Wi-Fi for infections? Sure, if it’s in a video game, at least. The new game called Infected, from Majesco and Planet Moon Studios, will run on the new PSP handheld. It’s a “run-and-gun shooter” where players can play against each other over the Wi-Fi connection on the PSP. The game will be “socially communicable” in that player avatars can use the wireless connection to “invade their opponents’ PSP systems” when they win a multiplayer match. The theory is that the player’s avatar could “spread around the globe.” Outdoor mesh provider Telabria has a new product, a ruggedized unit called mNode300, for outdoor wireless coverage. It includes a second radio just to handle backhaul traffic. The company expects to use it specifically in educational deployments, so the product will be listed as part of Telabria’s CampusMesh line, which is already deployed around the city of Kent in Britain. Symbol has introduced the MC3000, a new mobile, ruggedized computer running Windows CE .NET and using an Intel XScale processor, for retail and other industries for gathering data, and transmitting it via Wi-Fi. It supports advanced scanning and imaging, and can be managed with the Symbol Mobility Service Platform. The company sees it as a good migration path for companies still using DOS-based applications and hardware. Wavesat says its WiMax chip, the DM256, is now ready for general availability to customers, and is heading into mass production. The company offers a reference kit including baseband, MAC and RF modules, on both the subscriber and base end of the long-range wireless connection. The company is showing its wares at the WCA Symposium in San Jose, Calif., this week. Verizon Wireless’ high speed 3G Evolution-Data Optimized (EV-DO) networks are running in 32 U.S. cities now with speeds of 300 to 500Kpbs (and burst as high as 2.4Mbps). Hardware maker Novatel Wireless has released a PC Card for laptops to get computers on the network. The V620 PC Card is dual-band for EV-DO and 1xRTT, and has dual-band diversity to “enhance performance by maximizing data throughput,” according to Verizon. The card will come with the VZAccess Manager software. It will cost $200, but there’s currently a $100 rebate. The Verizon Wireless EV-DO network (called BroadbandAccess) costs $80 per month for unlimited use. 3Comhas launched an inexpensive access point that supports Power over Ethernet (PoE) as part of its small-to-medium business (SMB) line. The OfficeConnect Wireless 108Mbps 11g AP (model: 3CRGPOE10075) is made to complement the company’s 2226-PWR baseline Ethernet switch, which can provide power on all 24 ports. The unit uses Atheros SuperG turbo mode and eXtended Range technology, has full AES and WPA-PSK security support, supports multiple SSIDs and VLANs (up to four each), and comes in a very small size, all for $199. It can also do WDS bridging between networks (point-to-point or point-to-multipoint) and can act as a repeater, or even as a client. The company also has a new 108Mbps OfficeConnect PC Card (model: 3CRXJK10075) with the company’s patented retractable XJack antenna, which will sell for $79. BridgeCo said at CES last week that it is making two reference designs for digital media players that will include wireless using Broadcom 54g chips, as well as BridgeCo’s own ARM-based media network processors and firmware. The chips from the two companies can “offer all the functionality needed to transform any audio system into a node on a Wi-Fi home network,” says the company. The designs will incorporate the latest version of Broadcom’s SecureEasySetup one-button security configuration. Each design includes a system board, SDK and the complete bill-of-materials. Motorola’s Canopy Advantage wireless broadband products are now available in Europe using the 2.4, 5.4 and 5.7 Gigahertz bands. The proprietary wireless technology—consider it a precursor to WiMax—uses small radios to create a wireless connection between locations in a municipality. The Advantage version is meant to “provide an evolution to support future license-exempt WiMax products,” according to the company. WatchGuard Technologies has released a wireless version of its security appliance. The Firebox X Edge Wireless is an access point using 802.11b/g, with built-in WAN connection (and modem connection for failover). It also includes full support for WEP, WPA, and IPsec VPN tunnels for mobile users. The various models support different numbers of users. For example, the $569 X5w supports 17, and the $1,149 X15w supports 30. There are strictly wired versions of each product as well. All are controlled from a centrally-placed Firebox appliance running the company’s software.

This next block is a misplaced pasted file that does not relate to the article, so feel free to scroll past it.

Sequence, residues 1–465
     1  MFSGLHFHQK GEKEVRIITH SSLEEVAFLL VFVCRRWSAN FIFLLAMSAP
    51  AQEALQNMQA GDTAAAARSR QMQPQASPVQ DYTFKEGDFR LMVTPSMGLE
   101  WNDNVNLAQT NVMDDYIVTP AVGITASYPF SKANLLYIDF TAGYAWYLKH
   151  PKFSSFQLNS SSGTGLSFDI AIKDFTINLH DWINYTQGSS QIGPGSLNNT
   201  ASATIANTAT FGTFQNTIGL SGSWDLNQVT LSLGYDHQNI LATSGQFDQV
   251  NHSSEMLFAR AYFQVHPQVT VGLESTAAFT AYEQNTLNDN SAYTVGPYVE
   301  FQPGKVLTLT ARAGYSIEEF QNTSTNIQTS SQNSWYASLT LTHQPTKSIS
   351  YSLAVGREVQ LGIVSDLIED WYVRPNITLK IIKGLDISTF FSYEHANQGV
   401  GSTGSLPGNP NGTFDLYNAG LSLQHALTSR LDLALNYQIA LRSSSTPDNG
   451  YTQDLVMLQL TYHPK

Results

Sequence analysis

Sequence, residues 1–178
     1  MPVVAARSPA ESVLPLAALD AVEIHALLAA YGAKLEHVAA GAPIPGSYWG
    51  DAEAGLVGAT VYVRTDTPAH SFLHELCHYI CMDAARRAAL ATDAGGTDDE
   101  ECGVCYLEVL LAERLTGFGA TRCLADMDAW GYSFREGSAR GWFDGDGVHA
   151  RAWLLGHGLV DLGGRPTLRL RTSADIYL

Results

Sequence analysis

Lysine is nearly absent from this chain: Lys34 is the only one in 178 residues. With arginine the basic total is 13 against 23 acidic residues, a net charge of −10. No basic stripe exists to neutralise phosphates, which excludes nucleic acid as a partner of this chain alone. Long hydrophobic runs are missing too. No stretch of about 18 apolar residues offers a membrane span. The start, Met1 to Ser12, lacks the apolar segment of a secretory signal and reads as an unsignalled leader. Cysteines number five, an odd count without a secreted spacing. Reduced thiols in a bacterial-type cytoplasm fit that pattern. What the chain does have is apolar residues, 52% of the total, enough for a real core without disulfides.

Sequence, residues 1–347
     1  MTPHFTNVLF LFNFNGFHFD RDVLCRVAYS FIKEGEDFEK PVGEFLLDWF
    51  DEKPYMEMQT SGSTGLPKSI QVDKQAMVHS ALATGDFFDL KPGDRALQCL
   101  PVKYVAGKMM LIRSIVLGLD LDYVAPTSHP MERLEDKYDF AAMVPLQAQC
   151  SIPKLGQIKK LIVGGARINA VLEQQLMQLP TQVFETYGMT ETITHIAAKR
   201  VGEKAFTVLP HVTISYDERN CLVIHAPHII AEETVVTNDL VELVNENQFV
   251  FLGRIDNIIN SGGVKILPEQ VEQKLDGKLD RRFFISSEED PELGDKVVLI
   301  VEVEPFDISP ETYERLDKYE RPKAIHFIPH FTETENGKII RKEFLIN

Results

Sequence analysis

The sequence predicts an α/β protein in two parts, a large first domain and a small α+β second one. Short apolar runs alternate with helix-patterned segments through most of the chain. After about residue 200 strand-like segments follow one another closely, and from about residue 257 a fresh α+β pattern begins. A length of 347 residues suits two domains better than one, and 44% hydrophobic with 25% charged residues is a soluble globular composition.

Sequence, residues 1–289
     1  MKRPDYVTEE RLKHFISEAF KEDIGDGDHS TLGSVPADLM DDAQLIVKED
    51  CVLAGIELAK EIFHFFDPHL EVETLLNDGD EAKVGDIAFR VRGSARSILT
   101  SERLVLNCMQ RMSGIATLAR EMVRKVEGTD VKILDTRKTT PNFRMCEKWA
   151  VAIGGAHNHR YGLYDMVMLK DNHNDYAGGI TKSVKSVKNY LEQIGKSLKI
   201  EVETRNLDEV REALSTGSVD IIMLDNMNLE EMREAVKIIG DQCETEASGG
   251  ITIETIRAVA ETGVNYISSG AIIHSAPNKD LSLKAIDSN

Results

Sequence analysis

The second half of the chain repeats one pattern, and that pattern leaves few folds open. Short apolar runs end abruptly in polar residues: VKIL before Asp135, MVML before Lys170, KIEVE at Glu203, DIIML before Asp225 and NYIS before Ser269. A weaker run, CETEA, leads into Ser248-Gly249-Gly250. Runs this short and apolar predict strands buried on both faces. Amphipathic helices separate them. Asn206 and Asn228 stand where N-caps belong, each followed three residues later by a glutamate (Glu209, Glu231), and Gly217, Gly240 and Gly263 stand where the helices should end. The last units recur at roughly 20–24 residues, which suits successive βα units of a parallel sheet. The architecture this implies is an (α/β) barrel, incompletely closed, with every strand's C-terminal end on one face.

Week of January 3-7, 2005